As Spring and Summer approach, families are planning trips — to the beach, camping, on a cruise or possibly to an amusement park like Disney World.

The theme park experience is built by a myriad of moving parts. From vendors to rollercoasters to theme rides to parades, all of the different aspects that come together to make a day of family fun unforgettable have one need in common: power.

Roller coasters, especially the increasingly common launch roller coaster, present a clear power demand.

Even the most low-tech coasters require power to keep their motorized chains moving, propelling the cars along the track.

The fast-paced, high-power thrill of a roller coaster can come to a screeching halt if there are power problems. Stories of passengers stranded on rides, required to walk down long, narrow stairs to exit the towering drops safely, are an uncomfortable news presence every summer.

Those malfunctions can expose park attendees to summer sun and dehydration and a risk of falling as they evacuate broken rides.

The same could be said of vendors, who are immediately left unable to prepare or sell food if power becomes inaccessible.

Power outages at theme parks leave thousands of visitors stranded, without food, without light if it’s after sunset and in need of evacuation through unlit, labyrinthine streets. Even relying on diesel powered generators only go so far; generators are noisy, expensive to fuel and hard on the environment.

Even beyond the safety hazards, the reality is that it’s a bummer for anyone to come to a theme park and have their day interrupted by a power failure.

The media needs of rides at a park like Disneyland are endless, requiring power to both move the ride and play its multitude of perfectly synched video and audio components.

Obviously, power failure is only one of many things that can go wrong with roller coasters, themed rides or vendor booths. Mechanical failures will always be a risk with machines this complex.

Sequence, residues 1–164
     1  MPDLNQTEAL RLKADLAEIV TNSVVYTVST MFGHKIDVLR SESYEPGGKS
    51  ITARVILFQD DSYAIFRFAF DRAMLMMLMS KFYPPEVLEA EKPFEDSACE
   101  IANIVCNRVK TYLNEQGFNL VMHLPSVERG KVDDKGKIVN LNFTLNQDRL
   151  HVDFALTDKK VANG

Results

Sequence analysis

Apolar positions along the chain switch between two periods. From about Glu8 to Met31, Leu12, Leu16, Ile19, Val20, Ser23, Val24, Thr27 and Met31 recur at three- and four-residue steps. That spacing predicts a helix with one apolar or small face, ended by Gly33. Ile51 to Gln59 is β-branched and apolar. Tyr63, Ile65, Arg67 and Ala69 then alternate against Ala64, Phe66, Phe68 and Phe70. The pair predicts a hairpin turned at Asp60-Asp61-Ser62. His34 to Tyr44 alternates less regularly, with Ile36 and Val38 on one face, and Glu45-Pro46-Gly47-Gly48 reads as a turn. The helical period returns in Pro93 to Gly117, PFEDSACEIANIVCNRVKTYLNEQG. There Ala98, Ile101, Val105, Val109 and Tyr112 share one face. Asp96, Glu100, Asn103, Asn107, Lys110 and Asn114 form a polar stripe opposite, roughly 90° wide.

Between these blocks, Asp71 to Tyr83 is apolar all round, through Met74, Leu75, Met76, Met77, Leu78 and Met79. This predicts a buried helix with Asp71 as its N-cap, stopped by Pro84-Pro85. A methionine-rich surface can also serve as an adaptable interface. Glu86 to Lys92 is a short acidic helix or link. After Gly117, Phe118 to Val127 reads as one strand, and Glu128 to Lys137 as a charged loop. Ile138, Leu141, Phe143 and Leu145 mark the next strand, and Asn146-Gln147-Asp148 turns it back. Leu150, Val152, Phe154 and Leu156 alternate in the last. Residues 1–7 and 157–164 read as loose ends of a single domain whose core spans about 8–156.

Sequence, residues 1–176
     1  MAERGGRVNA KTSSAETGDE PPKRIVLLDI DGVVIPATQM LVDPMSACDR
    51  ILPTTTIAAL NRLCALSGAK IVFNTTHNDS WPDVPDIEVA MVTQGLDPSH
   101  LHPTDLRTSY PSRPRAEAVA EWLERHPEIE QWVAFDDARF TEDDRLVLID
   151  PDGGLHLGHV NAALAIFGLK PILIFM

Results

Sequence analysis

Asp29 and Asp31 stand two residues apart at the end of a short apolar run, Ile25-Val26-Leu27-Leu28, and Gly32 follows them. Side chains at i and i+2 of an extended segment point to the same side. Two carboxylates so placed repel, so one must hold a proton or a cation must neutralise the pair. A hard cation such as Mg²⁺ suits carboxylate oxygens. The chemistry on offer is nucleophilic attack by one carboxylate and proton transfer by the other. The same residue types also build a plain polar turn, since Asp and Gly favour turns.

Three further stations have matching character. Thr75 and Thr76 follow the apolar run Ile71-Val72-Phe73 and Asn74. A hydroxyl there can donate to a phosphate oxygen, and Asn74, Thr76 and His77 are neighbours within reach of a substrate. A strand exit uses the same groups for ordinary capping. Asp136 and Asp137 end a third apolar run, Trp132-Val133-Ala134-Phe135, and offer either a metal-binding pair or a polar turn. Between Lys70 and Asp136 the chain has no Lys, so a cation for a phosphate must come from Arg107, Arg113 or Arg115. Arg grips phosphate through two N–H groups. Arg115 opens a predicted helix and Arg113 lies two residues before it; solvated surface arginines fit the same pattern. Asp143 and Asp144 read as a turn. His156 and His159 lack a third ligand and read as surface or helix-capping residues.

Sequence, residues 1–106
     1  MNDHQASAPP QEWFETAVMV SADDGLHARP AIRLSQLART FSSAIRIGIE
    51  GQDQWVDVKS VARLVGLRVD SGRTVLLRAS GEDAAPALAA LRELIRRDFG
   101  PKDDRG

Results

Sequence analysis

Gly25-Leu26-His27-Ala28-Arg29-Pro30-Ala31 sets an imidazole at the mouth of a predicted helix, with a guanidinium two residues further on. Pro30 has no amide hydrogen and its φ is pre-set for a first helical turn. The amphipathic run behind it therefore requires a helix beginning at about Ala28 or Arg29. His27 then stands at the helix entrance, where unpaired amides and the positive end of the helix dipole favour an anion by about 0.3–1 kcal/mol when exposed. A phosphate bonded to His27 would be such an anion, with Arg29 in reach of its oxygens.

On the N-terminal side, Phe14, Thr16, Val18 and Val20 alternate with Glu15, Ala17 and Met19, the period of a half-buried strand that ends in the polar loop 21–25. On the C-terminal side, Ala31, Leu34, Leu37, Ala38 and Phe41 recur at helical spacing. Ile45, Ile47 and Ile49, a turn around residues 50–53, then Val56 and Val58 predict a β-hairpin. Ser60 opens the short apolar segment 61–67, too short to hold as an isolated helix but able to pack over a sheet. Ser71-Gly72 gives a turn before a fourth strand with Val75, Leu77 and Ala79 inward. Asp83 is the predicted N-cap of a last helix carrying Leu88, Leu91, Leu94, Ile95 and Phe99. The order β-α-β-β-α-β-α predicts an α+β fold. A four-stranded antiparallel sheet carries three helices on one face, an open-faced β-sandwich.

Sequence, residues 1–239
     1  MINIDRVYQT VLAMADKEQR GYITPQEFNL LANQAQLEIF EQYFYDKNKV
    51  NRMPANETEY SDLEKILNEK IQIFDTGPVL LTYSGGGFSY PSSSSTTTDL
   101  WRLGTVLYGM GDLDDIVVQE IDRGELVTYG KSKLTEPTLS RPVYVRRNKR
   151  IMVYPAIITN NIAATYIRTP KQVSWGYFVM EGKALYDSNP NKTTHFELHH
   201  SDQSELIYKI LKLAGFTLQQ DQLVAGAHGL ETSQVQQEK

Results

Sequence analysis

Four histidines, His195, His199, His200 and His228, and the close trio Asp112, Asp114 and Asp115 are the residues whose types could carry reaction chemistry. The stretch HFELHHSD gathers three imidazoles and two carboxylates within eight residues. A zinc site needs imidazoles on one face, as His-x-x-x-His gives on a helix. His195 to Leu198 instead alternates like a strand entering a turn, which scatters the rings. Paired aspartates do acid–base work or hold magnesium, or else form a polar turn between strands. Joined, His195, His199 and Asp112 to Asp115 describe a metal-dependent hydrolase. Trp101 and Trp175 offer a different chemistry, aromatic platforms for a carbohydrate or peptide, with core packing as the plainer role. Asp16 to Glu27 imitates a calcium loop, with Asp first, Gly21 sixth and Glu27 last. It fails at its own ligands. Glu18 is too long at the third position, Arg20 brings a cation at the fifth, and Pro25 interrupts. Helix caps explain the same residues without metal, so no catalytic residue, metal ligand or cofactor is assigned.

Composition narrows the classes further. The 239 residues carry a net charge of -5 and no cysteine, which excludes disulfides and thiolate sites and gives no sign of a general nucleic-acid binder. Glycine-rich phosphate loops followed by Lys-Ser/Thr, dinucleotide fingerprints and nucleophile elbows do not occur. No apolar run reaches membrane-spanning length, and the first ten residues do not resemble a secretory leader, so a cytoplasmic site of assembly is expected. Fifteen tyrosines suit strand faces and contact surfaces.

However, the ability to have constant power transmitted directly to a ride could massively aid in keeping everything running smoothly.

That is exactly the solution that WigL offers.

With WigL’s power broadcasting technology, power could be transmitted directly to receivers on rides, keeping them running more consistently. Power could also be transmitted to safety devices like lights and mobile climate control devices.

Because of some of the challenging power needs of parks like this, more and more amusement parks have been exploring sustainability technology. Solar panels, for example, have begun making increasing appearances.

GreenWood Forest Park in Wales has claimed to be the first park to fully generate its own energy.

But even with those sustainable energy solutions created, there still has to be a way for power to get from the source to its intended uses.

WigL could take the new green amusement park initiatives a step further by eliminating wires, streamlining the process and paving the way for theme parks to move into a more sustainable future.

Curious about more of what WigL can do? Contact us!